By Bryan Wroten
The U.S. Environmental Protection Agency filed an enforcement action against the GenOn power plant on Lake Road for failing to install necessary pollution control devices.
NPR recently broadcast and published, online, a story about a secret U.S. EPA “watch list,” specifically pointing out the Avon Lake plant and the agency’s accusation the plant didn’t install modern pollution control devices during an upgrade. The story also indicated the plant released into the air more than 2 million pounds of lead, mercury, arsenic and other toxic chemicals in 2010, referencing the company’s reporting to the EPA’s Toxics Release Inventory.
Phillippa Cannon, spokeswoman for the U.S. EPA, said the enforcement action was taken in June, but she could not comment beyond what is available in public documents.
According to the notice of the violation sent to GenOn, the company (then known as Reliant) made various physical changes and/or changes in the method of operation to the plant’s Unit 9 generation station, resulting in significant emission increases in nitric oxide, sulfur dioxide and/or particulate matter. The project constitutes a “major modification,” the notice states, and the company failed to obtain a PSD permit or a permit-to-install, as required.
The notice also stated GenOn violated, and continues to violate, federal law by “(1) constructing major modifications to existing major sources at the above-listed facilities without applying for or obtaining the PSD permits and operating the modified facilities without installing the BACT (best available control technology) or going through PSD review, and (2) without installing appropriate emission control equipment in accordance to BACT analysis.”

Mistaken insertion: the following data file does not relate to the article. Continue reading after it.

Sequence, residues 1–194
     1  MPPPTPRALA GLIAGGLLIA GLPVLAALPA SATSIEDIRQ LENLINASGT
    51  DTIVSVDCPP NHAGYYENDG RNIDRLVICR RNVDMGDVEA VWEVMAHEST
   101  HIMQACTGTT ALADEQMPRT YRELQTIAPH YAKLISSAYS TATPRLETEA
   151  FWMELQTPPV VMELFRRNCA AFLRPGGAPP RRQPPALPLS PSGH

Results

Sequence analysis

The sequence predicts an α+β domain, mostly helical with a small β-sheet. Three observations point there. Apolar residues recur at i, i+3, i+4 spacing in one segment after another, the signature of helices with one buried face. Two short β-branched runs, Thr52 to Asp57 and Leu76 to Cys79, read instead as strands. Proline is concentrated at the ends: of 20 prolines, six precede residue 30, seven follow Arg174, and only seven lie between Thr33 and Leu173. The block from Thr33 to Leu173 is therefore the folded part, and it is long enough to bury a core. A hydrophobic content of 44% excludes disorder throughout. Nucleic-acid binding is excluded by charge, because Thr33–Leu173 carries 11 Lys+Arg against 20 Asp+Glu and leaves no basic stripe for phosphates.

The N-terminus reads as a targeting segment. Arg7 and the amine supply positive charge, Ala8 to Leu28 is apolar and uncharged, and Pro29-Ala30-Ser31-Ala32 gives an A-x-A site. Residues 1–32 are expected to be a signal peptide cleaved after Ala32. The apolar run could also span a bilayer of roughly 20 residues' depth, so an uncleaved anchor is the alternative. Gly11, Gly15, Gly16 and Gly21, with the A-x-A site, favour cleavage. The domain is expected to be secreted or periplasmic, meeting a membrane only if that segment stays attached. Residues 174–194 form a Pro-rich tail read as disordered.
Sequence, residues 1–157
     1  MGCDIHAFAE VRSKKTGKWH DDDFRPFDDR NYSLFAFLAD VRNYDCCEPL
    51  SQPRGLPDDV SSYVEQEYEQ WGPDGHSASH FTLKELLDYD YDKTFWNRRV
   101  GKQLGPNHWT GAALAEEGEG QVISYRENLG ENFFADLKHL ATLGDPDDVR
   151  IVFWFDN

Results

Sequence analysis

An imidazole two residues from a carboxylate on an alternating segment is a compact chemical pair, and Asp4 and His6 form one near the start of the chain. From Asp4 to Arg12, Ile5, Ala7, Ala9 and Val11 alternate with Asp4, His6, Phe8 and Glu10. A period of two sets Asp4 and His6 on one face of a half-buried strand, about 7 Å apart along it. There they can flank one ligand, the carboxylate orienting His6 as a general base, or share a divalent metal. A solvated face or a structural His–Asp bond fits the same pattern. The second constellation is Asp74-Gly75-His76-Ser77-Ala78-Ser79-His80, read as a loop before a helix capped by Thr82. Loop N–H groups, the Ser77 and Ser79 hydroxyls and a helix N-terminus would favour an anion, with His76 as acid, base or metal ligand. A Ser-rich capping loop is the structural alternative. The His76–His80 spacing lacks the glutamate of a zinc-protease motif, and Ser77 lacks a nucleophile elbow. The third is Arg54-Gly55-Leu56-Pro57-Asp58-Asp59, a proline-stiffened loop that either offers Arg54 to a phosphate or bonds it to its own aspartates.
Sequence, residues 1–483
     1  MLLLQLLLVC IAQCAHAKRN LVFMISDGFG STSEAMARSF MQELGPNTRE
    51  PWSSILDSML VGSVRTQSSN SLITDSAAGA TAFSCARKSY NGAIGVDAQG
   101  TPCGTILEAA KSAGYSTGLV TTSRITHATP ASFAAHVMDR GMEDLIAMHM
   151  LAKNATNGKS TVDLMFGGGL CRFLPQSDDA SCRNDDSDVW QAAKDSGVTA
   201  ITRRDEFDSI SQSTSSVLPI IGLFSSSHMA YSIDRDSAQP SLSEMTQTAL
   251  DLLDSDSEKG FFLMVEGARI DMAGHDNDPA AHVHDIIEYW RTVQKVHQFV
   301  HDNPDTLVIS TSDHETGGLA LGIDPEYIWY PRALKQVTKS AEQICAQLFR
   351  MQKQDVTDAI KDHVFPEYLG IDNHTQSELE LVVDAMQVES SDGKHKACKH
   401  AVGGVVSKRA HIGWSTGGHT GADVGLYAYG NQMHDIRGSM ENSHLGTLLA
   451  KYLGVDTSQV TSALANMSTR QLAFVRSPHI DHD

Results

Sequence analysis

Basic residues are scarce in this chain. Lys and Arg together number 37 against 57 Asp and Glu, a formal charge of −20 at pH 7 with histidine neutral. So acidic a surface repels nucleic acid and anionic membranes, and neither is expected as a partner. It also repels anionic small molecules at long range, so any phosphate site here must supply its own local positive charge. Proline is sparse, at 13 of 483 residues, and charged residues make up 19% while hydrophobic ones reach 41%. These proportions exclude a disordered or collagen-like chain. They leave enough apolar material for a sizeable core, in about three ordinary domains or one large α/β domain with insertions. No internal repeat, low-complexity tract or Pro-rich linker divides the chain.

The notice went on to state similar ongoing violations for “constructing a major modification to existing major sources at the above-listed facilities without applying for permits-to-install and operating the modified facilities without installing LAER, obtaining federally enforceable emission offsets at least as great as the new or modified sources’ emissions,
certifying that all other major sources that it owns or operates within Ohio are in compliance with the Act.”
GenOn spokesman Mark Baird said the company disagrees with the NPR report and that they are
in compliance with all federal and Ohio EPA
When asked if the company disagrees with the notice from the U.S. EPA, he said, “yes and no,” adding it’s very detailed and he was unable to comment on that.
“Suffice to say, we disagree,” he said.
GenOn had a dialogue going on with the U.S. EPA before the NPR story emerged, he said, and will
continue to work with the agency until the issue is resolved.
As for the work done at the plant and whether it met the requirements for an upgrade, Baird said he wasn’t sure of the answer.
“We don’t believe there was any violation and currently are in compliance,” he said.
Contact Bryan Wroten at firstname.lastname@example.org and www.twitter.com/bryanwroten
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